980 with Army Coastal Artillery Battalions (HKAA) I./980 and II./980
under its command. Additionally, the division staff consisted of the
following units: Fortress Infantry Regiment 859 (Fortress Battalions
663 and 664) which had transferred from the 210th Infantry Division;
Fortress Battalion 645; and Grenadier-Regiment 517 (two battalions with
13th and 14th companies). The division staff also controlled the following
artillery batteries: the old Norwegian 2x12cm turret battery at Greaaker
(between Sarpsborg and Fredrikstad); a 3x10.5cm battery with French
field guns at Lahaugmoen (north of Oslo); a 4x15.5cm sFH414(f) battery
at Rygge airfield; and the 2x28cm Railway Battery 689 at Knatteröd (east
of Sarpsborg). The batteries, less the Lahaugmoen battery, were tactically
subordinated to Artillery Group Fredrikstad (HKAA II./980). Note: A
special thanks to the many knowledgeable persons at the “Norway During
World War II” website forum (http://www.nuav.net/ndWW2.html)
for providing this detailed order of battle for the Division Staff for
Special Employment 613 (Division Nr. 613).]
- 8 May 1945-21
May 1948: Prisoner of war in British captivity.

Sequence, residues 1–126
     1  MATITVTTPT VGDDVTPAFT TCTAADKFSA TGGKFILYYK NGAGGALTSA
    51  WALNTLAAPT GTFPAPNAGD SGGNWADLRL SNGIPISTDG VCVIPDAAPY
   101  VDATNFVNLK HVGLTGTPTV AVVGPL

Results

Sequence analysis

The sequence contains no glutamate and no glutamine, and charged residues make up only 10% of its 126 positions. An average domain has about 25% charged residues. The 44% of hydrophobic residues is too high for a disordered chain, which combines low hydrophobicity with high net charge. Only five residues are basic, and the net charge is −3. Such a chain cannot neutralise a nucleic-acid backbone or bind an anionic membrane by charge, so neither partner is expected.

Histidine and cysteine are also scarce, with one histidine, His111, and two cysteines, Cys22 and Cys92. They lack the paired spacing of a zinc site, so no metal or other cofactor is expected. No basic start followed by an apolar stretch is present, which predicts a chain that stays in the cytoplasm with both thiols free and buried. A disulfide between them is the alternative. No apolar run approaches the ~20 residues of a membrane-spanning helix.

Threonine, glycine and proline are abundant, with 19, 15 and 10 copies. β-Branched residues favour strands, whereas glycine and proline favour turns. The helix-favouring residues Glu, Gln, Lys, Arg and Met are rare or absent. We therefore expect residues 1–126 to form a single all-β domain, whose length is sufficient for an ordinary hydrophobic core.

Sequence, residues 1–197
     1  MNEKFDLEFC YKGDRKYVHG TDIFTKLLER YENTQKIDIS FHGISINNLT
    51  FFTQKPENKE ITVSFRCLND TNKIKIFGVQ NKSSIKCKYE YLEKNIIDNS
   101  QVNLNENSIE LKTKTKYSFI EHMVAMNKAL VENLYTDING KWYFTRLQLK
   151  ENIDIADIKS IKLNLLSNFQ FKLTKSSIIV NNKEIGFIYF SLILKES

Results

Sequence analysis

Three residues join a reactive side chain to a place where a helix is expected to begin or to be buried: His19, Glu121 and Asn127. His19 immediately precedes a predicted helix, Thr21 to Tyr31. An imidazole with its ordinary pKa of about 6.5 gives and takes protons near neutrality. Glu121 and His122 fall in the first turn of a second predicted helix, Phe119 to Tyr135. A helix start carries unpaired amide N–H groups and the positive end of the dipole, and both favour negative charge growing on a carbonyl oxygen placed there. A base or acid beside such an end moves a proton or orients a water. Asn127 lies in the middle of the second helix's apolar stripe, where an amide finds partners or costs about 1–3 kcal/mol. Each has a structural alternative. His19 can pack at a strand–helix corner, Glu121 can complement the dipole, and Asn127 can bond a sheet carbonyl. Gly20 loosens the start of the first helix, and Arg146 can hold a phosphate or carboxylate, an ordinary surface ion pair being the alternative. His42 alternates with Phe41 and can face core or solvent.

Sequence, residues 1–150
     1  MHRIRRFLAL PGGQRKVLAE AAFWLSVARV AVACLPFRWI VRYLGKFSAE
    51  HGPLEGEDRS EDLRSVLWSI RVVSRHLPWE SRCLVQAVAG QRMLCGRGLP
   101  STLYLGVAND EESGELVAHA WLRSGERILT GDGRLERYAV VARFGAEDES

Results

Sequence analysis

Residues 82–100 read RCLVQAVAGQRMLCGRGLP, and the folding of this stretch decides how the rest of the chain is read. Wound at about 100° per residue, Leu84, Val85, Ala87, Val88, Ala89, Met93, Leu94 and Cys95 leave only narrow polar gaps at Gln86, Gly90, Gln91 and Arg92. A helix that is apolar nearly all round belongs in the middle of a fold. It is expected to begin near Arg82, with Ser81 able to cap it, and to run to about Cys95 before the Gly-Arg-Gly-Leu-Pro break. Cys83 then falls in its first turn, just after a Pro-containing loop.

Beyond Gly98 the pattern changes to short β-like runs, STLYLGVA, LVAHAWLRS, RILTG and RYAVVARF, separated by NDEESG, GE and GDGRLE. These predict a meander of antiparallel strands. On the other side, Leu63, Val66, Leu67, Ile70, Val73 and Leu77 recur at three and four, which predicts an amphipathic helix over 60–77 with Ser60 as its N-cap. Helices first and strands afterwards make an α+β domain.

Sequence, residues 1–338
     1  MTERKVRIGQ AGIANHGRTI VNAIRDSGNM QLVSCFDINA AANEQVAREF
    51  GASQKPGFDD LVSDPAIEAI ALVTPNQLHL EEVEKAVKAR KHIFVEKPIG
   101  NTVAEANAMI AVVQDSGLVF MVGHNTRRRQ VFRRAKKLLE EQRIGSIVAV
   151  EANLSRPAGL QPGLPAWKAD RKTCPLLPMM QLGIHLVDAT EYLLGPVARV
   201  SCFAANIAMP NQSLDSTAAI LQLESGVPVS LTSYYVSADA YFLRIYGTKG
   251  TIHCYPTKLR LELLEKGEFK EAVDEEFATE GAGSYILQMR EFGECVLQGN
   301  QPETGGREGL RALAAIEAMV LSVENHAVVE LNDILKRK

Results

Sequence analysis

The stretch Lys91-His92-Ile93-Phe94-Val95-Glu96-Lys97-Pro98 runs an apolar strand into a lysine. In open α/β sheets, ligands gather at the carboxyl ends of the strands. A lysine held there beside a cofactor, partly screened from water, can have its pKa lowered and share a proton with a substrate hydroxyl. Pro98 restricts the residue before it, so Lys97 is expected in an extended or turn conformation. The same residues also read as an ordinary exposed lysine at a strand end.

- 9th January
1946 transferred to Island Farm Special Camp 11 from Camp 1
- 12th May
1948 transferred to Camp 186 for repatriation.
Cross in Gold: 15 December 1944, Oberst, Commander of Division Group “van
- Prussian Iron Cross,
1st Class (1914) with 1939 Bar
Iron Cross, 2nd Class (1914) with 1939 Bar
- Medal for the Winter
Campaign in Russia 1941/1942 (“East Medal”)
General Honor Decoration, “for Bravery”
- Cross of Honor for
- Armed Forces Long
Service Award, 1st Class (25-year Service Cross)
Forces Long Service Award, 3rd Class (12-year Service Medal)
- Finnish Order of
the Cross of Liberty, 2nd Class with Swords: 30 June 1943.
- Lapland Shield (It
is unknown if he actually received this battle shield, but his service in
Finland fit the award criteria)